I wonder if the lawyer went away and loved.  Do you?  Will I?

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6 Responses to “A Neighbor”

  1. Sharon Graf Says:

    Oh to be truthful and honest!!! Sometimes very hard to face. God always puts the truth out there and lets us decide. Sometimes we choose to deceive ourselves. My prayer is that God will help me or sometimes make me see the truth in me. I always want to know if I am deceiving myself no matter how hard it is. I love the song and sing it to myself “Open the eyes of my heart I want to know You!!!” Good reality check!

    • Ah yes. In last night’s grief class, we discussed choices at length. Choosing the right things leads to peace. But all too often… don’t think I have to finish.

      Thanks for reading.

  2. I admire and was blessed to have such a loving Grandmother whom I spent a very large part of my childhood with. I would say “oh Grandma I love you” and she would say, “I love all my kids” Although I really didn’t understand why she replied to me with that response, I knew it was a good response. As I grew older I came to understand exactly what she meant. She would not allow me to talk negatively about others, and when I did, she would remind me that they were loved; and who were we to talk negatively about them. Grandma understood that God’s love went way beyond her and she practiced Gods love of others on a daily basis, it was not a question for her. She helped me learn that God doesn’t need our assumptions, our advice, or our attitude towards other people, we do however have a responsibility to be a reflection of his truth and love. Something that I need to remember when I am being stubborn and do not want to choose his way in relationship with those around me. “I may not like someones actions but I NEED to love THEM. I fail at this way too often, but I am blessed to be reminded of Grandma’s example, and reminder of how God loves! To be thankful for the opportunity for me to DECIDE to be more like him with anyone he puts in front of me. Very importantly; the grace to be humble to the words he speaks lovingly through others towards my actions.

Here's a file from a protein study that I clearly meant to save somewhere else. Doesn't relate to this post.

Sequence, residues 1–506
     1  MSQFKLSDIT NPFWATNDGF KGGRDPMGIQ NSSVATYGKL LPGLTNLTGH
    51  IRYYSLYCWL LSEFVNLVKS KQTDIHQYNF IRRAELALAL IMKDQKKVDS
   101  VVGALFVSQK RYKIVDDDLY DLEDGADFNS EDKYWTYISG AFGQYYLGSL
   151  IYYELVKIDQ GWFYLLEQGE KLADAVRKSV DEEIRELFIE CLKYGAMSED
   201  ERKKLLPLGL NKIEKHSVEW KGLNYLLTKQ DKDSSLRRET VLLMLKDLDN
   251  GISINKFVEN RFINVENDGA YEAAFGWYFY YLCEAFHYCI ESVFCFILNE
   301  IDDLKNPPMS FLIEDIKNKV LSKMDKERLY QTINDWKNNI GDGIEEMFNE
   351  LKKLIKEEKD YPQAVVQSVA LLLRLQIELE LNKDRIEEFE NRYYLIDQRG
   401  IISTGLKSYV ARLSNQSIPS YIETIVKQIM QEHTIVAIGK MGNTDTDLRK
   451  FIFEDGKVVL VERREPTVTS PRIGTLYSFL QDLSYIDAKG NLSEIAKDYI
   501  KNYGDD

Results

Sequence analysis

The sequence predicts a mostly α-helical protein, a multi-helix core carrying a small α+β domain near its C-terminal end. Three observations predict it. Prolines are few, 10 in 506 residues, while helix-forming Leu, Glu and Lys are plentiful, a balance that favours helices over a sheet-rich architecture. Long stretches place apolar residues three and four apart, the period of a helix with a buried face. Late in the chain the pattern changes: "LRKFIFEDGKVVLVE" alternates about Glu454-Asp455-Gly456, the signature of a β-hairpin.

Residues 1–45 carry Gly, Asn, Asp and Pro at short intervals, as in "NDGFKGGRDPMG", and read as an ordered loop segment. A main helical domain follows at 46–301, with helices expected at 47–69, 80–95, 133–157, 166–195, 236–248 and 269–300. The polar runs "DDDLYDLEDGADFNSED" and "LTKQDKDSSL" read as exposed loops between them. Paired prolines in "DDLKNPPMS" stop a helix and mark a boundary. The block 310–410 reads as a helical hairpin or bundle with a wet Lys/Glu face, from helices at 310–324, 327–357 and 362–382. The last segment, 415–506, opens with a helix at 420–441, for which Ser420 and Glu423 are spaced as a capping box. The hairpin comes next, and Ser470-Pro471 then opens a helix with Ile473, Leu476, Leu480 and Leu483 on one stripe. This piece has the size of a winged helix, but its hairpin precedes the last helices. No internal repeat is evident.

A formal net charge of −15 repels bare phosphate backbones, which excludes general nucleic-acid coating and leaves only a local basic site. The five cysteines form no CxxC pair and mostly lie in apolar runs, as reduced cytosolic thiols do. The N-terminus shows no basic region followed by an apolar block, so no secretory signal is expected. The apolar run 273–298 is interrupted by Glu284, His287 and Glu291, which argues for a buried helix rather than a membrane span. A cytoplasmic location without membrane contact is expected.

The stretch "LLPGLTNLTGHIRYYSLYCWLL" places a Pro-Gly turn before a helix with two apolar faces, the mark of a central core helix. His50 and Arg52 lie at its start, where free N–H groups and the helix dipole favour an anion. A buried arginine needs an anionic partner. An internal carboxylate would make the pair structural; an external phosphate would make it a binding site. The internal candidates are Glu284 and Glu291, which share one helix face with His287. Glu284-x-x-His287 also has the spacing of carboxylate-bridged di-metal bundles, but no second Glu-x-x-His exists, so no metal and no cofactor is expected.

3. “How often do I want to choose my neighbor? How often do I want to care for those like me? How often do I become frustrated with those less like me? The answer to all three questions is much too often. Maybe we shouldn’t worry about perception. We should do the right thing…”

    So my son was recently hurt deeply by a person. Do I choose her as my neighbor? Do I care about her life? But “they” hate us. I want to tell her we hate her too. “… We should do the right thing…” And my soul is troubled. I know that is not the right thing. Peace is precious to me. And even more – God’s forgiveness of my own sins and short comings.

    “And to love God, we must love others – even those we don’t want to be our neighbors. After all, I don’t choose my neighbors. They’re chosen for me.”
    The word “perception” is deep… and I should do the right thing when and if the opportunity comes – to do so.

    Difficult stuff. Thank you for the thoughts – !

    • God is faithful to give us what we need – including our neighbors. I’m reminded of Paul’s letter to the Corinthians. I prayed and I prayed and I prayed that God would remove (this thorn/neighbor/struggle) but all I heard was My grace is sufficient. Hmmm.